Tiritiri Matangi, Pt. 1: The Island Tossed by the Wind

You guys!

I am so excited to finally be posting about this. This is one of my favorite adventures of the year so far. Taylor and I went out to the island of Tiritiri Matangi — a bird sanctuary and conservation island — and spent the night in one of the conservation huts. We got a full 24 hours of birdwatching, hiking, exploring, and photography.

It was great. So great, in fact, that I got nearly 400 photos from the trip. Even being very choosy about which photos I show and which stories I tell, this is going to be multiple parts.

So let’s get started!

We have encountered Tiritiri Matangi before, actually; this shot is from Shakespear Regional Park (if you check out that post you’ll see I have another photo of the island as well, even mentioning it in passing). This photo is from my old Canon Powershot (add Shakespear to the list of places I need to revisit with the Nikon), but if you Zoom and Enhance you can even see the lighthouse!

Those who have been paying some attention to New Zealand geography (or at least those who went back to re-read the Shakespear post) will not be surprised to hear that the island is right off the tip of the Whangaparaoa Peninsula.

(Map courtesy of the New Zealand Department of Conservation.)

As islands go, Tiritiri Matangi is not large. It’s possible to walk around it in an afternoon. The island, as we have already seen, houses Auckland’s first lighthouse. The lighthouse was brought to New Zealand in sections from Britain, which even in the 1800s can’t have been the most efficient way to do it.

The ferry to Tiritiri runs Wednesday – Sunday, so be aware of this. During the Summer, you should buy your ferry tickets well ahead of time, as there’s only one ferry per day and it sells out quickly.

If you want to stay overnight, you also need to make those bookings in advance.

Once landed, you must listen to a short briefing, plus a longer briefing if you’re staying overnight. Some tens of thousands of visitors stop by the island every year, so the rangers and tour guides have distilled the information down pretty efficiently. You can pay for a guided tour if you would like, but if you’re staying overnight you should probably (as we will discuss later) make friends with one of the many conservation experts there and wrangle your own personal guided tour after the hordes have departed.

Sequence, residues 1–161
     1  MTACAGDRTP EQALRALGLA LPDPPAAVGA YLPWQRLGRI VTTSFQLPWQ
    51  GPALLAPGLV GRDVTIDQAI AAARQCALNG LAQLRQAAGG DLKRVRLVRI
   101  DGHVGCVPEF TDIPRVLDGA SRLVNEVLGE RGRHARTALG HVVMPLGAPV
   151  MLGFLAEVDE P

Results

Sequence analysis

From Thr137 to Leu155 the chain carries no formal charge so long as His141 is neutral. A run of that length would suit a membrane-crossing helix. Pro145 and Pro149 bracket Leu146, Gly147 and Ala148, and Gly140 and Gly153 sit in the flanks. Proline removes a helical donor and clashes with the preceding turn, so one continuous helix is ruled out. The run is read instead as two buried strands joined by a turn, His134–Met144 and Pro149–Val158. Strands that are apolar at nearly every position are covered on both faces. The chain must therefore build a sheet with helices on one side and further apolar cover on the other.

The bunkhouse is quite nice (I characteristically failed to get any photos of it, either inside or outside) and is overlooked by the lighthouse. As you can see, the day was quite overcast.

Just kidding! The difference in time stamps on these two photos is literally less than 45 minutes.

Climbing up to the observation house (I don’t know if that’s what it’s called, but I called it that because it’s high up and suitable for observing things) you can look over the backyard of the ranger station. There are many pukeko around.

Taylor went full Solid Snake in his effort to get a photograph of some pukeko. He was wearing a rain suit, which protected him very nicely from the wet ground at the expense of skin breathability. In either case, pukeko are not a very exciting bird, so I’m not going to lie down for one even if I did have a rain suit. Which I didn’t. Sorry, pukeko!

The cloudy, rainy day. We alternated between nasty rain and clear skies until the weather pleasingly settled on clear. In the distance in this photo you can see it absolutely dumping out in the gulf.

We spent some time getting some artsy shots of the lighthouse. This one would probably be more enjoyable had I waited until the clouds broke.

Yes, we found some super comfy undergrowth.

Taylor’s attempts were much more acrobatic.

Someone who came before us had collected some shells and left them very nicely arranged. I like it when other people compose my photos for me and all I have to do is take the picture.


I’m not sure what bored this hole, but we found a few of these around. Some cursory Googling did not come up with anything. Very cool, though!

Speaking of cool, I’m quite pleased with this shot of the seawater in one of the coves we visited!

The colors in the sky here, too, are quite nice. As you can see, the weather just got better. The sky looks like a painting!

And ooh, that sunset. This may be my favorite shot of the bunch. It’s hard to pick, though.

Tiritiri Matangi is gorgeously beautiful and wonderfully birdful. If these morsels tantalized, don’t worry; we’re not done with it yet! I’m going to dedicate a whole post to just bird photos and another one to the views from the island. And I may be able to squeeze some good old fashioned adventure blogging in there as well.

I hope by the end of it you’ll fall in love with Tiritiri Matangi as much as I have.

2 thoughts on “Tiritiri Matangi, Pt. 1: The Island Tossed by the Wind

  1. Pingback: Bird Photos – Strange Tales for Strange Times

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